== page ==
If people want a creche, fine. The menorah a few hundred yards away is fine, too. I do not like getting pushed around for being a Jew, and I don't think Christians like getting pushed around for being Christians. I think people who believe in God are sick and tired of getting pushed around, period. I have no idea where the concept came from that America is an explicitly atheist country. I can't find it in the Constitution and I don't like it being shoved down my throat.
[our emphasis]

First of all: what the fuck? Great, another fucking religioso who honestly deludes himself that teaming up with other religiosos won't turn sour on him in the end. Don't these people read the fucking history books? Religions don't mix well, even with other religions. Trying to extend an olive branch to another sect has historically, without fail, resulted in your entire arm being chopped off. Once you get rid of the atheists, religiosos, you'll turn on each other — you always do. Once you start separating into groups, it doesn't stop — anyone remember this strip:

Our land. Get out!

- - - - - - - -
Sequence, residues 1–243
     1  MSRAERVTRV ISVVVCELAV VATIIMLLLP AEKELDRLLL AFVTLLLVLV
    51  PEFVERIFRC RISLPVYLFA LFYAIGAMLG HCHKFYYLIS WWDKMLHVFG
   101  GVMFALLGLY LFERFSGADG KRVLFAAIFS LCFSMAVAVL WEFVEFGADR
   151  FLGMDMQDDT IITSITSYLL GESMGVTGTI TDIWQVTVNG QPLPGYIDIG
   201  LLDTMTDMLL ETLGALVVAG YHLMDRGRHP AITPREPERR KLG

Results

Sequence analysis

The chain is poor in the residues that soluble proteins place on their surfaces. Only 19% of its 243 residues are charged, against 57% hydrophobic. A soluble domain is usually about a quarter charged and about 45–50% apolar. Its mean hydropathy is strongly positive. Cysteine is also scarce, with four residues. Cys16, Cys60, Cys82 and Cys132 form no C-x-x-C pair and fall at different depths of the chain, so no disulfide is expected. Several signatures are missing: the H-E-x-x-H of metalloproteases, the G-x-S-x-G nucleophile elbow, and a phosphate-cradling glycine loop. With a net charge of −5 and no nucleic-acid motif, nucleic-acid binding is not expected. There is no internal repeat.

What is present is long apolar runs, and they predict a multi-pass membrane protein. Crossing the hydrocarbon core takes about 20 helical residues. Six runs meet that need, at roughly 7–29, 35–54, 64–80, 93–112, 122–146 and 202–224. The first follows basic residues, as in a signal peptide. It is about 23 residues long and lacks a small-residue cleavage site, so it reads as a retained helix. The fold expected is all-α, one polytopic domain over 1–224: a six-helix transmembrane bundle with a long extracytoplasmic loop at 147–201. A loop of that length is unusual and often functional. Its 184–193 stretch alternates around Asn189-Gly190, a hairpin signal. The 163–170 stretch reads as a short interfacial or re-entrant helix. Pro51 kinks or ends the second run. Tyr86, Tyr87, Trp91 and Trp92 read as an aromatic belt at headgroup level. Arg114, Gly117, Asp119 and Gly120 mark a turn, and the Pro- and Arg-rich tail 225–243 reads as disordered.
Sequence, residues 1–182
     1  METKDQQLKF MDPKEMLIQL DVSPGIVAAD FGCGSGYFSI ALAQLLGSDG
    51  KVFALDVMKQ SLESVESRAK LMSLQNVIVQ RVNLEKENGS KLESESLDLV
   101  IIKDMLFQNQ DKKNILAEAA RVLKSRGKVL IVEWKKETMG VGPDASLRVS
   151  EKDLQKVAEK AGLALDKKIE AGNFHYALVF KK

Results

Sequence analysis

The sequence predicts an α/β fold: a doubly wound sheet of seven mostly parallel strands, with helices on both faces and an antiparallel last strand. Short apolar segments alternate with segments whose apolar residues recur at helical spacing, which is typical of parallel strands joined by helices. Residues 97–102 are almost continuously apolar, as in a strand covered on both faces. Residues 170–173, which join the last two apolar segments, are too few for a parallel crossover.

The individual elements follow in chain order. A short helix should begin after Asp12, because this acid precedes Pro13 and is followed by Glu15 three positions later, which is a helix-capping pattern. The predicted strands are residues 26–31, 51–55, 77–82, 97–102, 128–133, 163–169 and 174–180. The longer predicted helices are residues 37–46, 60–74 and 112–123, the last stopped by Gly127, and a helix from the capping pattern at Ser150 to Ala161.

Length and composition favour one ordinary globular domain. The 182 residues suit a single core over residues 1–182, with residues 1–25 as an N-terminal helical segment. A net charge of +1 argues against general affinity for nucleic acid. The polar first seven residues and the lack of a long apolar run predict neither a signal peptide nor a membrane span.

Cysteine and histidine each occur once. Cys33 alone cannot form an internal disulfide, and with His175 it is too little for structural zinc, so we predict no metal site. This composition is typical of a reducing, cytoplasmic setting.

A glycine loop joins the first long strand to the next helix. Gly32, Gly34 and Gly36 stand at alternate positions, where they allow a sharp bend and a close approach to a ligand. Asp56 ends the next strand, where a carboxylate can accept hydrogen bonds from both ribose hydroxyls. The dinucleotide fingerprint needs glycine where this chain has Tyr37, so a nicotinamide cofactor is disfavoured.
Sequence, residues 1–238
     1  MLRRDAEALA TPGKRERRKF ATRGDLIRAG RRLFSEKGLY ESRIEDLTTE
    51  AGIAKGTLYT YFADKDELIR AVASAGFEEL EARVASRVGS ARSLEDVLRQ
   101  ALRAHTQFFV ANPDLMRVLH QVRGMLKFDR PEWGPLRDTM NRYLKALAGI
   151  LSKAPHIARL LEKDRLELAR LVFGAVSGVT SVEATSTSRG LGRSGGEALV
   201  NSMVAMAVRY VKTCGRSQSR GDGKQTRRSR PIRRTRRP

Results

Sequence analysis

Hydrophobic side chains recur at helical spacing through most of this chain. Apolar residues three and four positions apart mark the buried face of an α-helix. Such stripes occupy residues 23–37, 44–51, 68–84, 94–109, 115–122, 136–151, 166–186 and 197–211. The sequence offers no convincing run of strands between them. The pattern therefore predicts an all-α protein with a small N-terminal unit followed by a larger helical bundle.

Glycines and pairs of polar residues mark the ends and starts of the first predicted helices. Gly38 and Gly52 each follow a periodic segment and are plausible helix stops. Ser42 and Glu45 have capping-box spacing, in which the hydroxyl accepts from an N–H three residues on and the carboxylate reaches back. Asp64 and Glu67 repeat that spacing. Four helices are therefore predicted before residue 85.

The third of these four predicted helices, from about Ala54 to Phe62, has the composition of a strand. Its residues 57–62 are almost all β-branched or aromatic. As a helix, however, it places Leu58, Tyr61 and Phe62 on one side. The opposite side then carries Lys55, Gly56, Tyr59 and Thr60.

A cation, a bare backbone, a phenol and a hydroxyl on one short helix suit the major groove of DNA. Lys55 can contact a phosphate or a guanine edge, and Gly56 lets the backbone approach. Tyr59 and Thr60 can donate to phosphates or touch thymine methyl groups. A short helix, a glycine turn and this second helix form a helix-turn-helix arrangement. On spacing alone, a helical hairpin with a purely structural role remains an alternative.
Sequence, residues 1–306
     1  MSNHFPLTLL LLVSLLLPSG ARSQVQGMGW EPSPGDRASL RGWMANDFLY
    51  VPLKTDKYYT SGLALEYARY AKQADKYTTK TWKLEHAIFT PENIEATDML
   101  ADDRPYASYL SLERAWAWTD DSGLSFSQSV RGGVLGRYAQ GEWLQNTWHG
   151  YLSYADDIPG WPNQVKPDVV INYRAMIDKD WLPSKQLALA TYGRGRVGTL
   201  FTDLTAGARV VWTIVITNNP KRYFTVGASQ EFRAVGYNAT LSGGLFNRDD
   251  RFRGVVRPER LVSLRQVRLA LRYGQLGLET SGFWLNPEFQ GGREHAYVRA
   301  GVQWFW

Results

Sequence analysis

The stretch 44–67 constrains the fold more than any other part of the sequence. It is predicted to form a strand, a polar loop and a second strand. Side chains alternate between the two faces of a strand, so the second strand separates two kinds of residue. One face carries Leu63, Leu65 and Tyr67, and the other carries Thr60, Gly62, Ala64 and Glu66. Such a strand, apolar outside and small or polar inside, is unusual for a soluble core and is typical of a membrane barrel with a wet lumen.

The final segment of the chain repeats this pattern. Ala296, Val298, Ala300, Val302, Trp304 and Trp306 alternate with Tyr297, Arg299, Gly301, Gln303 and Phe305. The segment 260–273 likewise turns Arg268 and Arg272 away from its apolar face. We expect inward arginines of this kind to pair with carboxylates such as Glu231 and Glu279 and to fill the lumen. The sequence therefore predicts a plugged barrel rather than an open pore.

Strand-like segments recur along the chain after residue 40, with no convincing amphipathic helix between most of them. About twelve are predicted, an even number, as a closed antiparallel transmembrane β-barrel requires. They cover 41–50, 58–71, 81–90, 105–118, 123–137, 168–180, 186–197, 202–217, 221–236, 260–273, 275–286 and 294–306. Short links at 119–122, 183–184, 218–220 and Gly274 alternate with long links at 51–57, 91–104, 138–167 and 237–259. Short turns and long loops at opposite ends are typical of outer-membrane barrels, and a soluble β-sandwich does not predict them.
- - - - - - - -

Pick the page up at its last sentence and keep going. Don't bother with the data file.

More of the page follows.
But that falls short, mindboggling-wise, of Ben Stein's take on this country's religious responsibilities. He has "no idea where the concept came from that America is an explicitly atheist country" — well, first off, America isn't an "atheist" country, nor is it supposed to be. But it is certainly meant to be a secular country. Why is it that so many people make the utterly false assumption that not endorsing any religion automatically entails an endorsement of atheism? Where's the fucking logic in that assumption? Can't they wrap their tiny minds around the possibility that, perhaps, no belief system (or lack thereof) could be endorsed, and that people would all be free to believe whatever they want to believe? A secular country doesn't mean an atheist country, and we're getting pretty tired of having to correct the same flawed logic over and over. However, Ben, it is important to note that the secular society that you have "no idea" about is what keeps folks like the Jews from being stomped under the feet of the Christian majority. And as far as having "no idea" where that concept came from — well gee, Ben, perhaps it's that darn finicky First Amendment, you know? You can't find it in the Constitution? How about that pesky Establishment Clause — which made it quite clear that the government of this country was not to involve itself with religion in any particular form, neither in support of it nor against it, neither one religion nor many. Does any of that ring a bell with you at all, Ben? How sad that it doesn't.